The Kronstadt rebellion was an attempt to instigate an anti-Bolshevik revolution in early 1921. It took shape on Kronstadt, an island fortress and military garrison just a few miles from Petrograd. The Kronstadt uprising was sparked by the failure of Bolshevik economic policy, food shortages and worsening conditions. Almost three years of war communism had caused distress and shortages in Russia. Bad harvests, exacerbated by Bolshevik grain seizures, had caused famine and widespread suffering in both rural and urban areas. By 1921 production of most goods had fallen to little more than half pre-World War I levels. Government quotas and interference in factories, strikes, workforce dissent and scarcity of raw materials all hindered production. At the start of 1921, a series of strikes and urban demonstrations caused concern for the regime. They were followed by a blow Lenin had not been expecting: an uprising of soldiers and sailors at Kronstadt.
The military base at Kronstadt was located just outside Petrograd, encircling a fortress which overlooked the city. The soldiers and sailors garrisoned there were thought to be loyal supporters of the Bolshevik revolution. Renowned throughout Russia as fearless troops, they had been one of the first military units to mutiny during the unrest of 1905; and Kronstadt sailors had been in charge of the gunship Aurora when it sailed down the Neva River to menace the Winter Palace during 1917’s October Revolution. Trotsky called them heroes of the revolution, “the reddest of the red”, and most Russians considered them to be closely aligned with the Bolshevik cause. In reality, the Kronstadt servicemen had a reputation for acting spontaneously; they were stirred more by conditions than ideology. By late February 1921, they had experienced enough of Bolshevik political oppression and the economic misery of war communism. Hearing of suffering and deprivation in letters from home (many Kronstadters were of peasant origins) and seeing it first-hand during their leave in Petrograd, the men of Kronstadt decided to take action.
Their first move was to form a Provisional Revolutionary Committee (an intentional merging of the terms ‘Provisional Government’ and ‘Military Revolutionary Committee’) before issuing a series of political, economic and social demands. Among these were economic demands: relaxation of the stringent conditions of war communism, as well as improved food supplies to the cities. Their political demands were more extensive: the restoration of full freedom of speech, increased democratic input and consultation in policy formulation, the release of non-Bolshevik socialists from detention, guarantees of civil rights and, significantly, ‘Soviets without communists’. Their document labelled the Bolsheviks as “usurpers” and described the conditions imposed by the new regime as “greater enslavement”, “moral slavery”, “new serfdom” and much greater than the impositions of tsarism. The Kronstadters called for the revolution to be placed back into the hands of the workers who it had originally claimed to represent.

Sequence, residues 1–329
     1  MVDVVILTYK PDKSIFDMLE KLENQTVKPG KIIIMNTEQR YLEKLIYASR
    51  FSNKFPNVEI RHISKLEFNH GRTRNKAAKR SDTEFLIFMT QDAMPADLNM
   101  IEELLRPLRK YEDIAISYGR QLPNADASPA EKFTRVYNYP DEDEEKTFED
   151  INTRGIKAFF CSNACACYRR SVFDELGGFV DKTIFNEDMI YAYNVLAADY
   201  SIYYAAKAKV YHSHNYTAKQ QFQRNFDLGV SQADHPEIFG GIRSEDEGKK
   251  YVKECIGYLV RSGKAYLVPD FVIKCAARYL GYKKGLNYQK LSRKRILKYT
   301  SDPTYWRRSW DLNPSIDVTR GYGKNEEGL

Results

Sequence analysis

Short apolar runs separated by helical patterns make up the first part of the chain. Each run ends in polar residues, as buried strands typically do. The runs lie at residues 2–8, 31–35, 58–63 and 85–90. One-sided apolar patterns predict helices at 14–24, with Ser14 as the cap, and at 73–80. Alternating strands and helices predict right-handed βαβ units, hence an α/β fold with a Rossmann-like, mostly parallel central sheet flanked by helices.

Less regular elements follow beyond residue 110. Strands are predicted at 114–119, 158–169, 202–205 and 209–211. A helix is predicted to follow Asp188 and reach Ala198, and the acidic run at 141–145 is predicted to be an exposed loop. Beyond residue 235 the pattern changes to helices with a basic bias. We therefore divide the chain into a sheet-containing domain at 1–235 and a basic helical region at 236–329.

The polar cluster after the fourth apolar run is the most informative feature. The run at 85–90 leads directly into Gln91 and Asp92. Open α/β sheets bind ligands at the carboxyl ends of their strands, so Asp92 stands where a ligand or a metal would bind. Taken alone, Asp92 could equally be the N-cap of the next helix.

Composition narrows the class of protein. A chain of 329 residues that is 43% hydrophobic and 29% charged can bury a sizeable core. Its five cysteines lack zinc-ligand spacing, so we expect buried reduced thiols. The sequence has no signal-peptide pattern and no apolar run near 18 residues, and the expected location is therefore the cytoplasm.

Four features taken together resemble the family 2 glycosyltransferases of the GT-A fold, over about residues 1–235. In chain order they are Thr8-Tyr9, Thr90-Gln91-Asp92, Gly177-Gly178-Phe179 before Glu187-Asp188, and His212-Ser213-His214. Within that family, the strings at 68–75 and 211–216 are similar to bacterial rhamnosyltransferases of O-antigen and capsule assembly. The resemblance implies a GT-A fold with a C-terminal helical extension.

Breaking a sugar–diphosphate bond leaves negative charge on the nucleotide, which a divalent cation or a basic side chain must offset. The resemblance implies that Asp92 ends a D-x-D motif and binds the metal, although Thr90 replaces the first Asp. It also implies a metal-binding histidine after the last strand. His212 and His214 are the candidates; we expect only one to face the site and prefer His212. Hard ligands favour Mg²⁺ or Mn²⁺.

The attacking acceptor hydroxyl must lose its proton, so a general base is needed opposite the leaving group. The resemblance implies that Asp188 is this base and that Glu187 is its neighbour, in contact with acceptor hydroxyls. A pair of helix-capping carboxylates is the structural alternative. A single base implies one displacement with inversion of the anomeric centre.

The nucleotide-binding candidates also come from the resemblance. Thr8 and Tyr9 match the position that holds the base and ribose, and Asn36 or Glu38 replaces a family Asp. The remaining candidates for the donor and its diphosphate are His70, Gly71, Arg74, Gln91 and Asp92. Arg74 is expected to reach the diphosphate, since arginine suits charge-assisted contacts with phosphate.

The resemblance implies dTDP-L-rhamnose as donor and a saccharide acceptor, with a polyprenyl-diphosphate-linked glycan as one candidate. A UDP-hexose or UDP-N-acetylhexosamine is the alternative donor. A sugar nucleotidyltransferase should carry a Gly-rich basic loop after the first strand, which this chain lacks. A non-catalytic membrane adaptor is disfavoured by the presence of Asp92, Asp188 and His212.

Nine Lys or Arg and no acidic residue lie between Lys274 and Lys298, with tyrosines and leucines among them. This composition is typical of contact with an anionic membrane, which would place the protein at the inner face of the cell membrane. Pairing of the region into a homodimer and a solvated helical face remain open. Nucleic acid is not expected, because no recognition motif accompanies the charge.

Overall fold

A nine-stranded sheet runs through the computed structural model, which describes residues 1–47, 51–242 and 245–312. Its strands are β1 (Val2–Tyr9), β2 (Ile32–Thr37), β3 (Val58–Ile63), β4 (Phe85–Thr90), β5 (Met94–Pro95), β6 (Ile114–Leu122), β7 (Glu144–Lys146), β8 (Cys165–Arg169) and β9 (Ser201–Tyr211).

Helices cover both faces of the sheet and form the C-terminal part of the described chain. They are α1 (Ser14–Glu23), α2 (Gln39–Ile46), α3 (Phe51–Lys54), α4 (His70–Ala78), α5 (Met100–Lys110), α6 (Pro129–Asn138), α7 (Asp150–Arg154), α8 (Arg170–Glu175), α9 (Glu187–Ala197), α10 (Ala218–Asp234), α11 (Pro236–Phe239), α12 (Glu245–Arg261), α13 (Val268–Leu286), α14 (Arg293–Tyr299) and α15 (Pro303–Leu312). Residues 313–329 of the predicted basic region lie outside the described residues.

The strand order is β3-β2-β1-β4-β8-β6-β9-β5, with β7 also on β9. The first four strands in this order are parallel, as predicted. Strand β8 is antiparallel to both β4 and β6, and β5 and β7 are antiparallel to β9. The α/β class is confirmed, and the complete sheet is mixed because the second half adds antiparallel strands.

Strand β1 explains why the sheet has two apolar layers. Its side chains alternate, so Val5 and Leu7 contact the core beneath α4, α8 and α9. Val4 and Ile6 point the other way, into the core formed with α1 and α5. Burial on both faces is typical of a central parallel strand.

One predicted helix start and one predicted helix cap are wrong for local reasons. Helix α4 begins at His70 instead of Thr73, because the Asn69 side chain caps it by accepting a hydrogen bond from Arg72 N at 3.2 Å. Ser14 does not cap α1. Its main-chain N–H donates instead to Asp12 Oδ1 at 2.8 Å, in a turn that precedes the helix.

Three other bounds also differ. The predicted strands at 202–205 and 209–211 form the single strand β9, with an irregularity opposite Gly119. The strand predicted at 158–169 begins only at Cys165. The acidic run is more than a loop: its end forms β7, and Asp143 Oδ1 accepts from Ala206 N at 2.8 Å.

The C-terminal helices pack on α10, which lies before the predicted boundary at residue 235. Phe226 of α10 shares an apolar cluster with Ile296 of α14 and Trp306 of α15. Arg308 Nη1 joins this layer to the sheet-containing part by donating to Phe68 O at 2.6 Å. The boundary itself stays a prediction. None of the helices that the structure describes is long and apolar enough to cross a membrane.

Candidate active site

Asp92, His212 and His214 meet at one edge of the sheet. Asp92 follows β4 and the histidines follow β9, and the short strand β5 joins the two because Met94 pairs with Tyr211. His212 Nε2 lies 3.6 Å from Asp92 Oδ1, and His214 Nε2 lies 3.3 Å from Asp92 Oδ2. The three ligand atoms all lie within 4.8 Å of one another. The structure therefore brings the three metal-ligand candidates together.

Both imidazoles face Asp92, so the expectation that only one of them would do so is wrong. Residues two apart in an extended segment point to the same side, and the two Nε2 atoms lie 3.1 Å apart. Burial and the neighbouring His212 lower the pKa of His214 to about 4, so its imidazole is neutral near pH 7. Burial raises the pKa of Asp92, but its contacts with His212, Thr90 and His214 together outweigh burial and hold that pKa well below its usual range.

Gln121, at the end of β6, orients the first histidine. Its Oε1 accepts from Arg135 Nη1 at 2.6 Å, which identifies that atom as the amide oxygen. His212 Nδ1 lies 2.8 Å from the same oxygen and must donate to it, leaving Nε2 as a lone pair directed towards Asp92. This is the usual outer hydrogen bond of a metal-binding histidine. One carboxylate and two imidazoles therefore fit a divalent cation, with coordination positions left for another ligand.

This document, which bore some similarities to the Gapon petition of 1905, enraged the Bolshevik hierarchy. Trotsky began to organise an immediate military response to crush the Kronstadt rebels. Since there was more than 15,000 of them, it would need to be a large campaign. Since it was winter the sea around the Kronstadt fortress was frozen solid, and it was important to crush the rebellion before the thaw, which would allow the rebels to use battleships against Bolshevik targets. The first wave of Red Army troops was low in number and poorly equipped, so was driven back by fire from the base at Kronstadt. Trotsky increased troop numbers to 60,000, equipped them with white camouflage and heavy artillery, and laid siege to the fortress for almost three weeks. On March 17 their defences collapsed and Kronstadt was invaded by the Red Army and Cheka units.
Thousands of rebels fled across the ice, north to the nearby border with Finland. Around 2,000 were captured by Bolshevik forces, marched into forests outside Petrograd and executed. Trotsky justified the use of force by implying that the Kronstadt personnel had been fickle and unreliable; the “reddest of the red” had, since 1917, been infiltrated and replaced with untrustworthy and disloyal elements. Lenin suggested the uprising was ‘whipped up’ by counter-revolutionary insurgents, foreign agents and enemies of Russia. That was the public line, but inside the party, there was less agreement and more discomfort about what had taken place. Individuals such as Alexandra Kollontai expressed concern about the conduct of the party leadership. However Lenin might have reacted publicly to the events at Kronstadt, he was astute enough to understand its implications: the Bolsheviks needed to relax conditions immediately or risk another revolution.
This page was written by Jennifer Llewellyn, John Rae and Steve Thompson. To reference this page, use the following citation:
J. Llewellyn et al, “The Kronstadt rebellion” at Alpha History, https://alphahistory.com/russianrevolution/kronstadt-rebellion/, 2014, accessed [date of last access].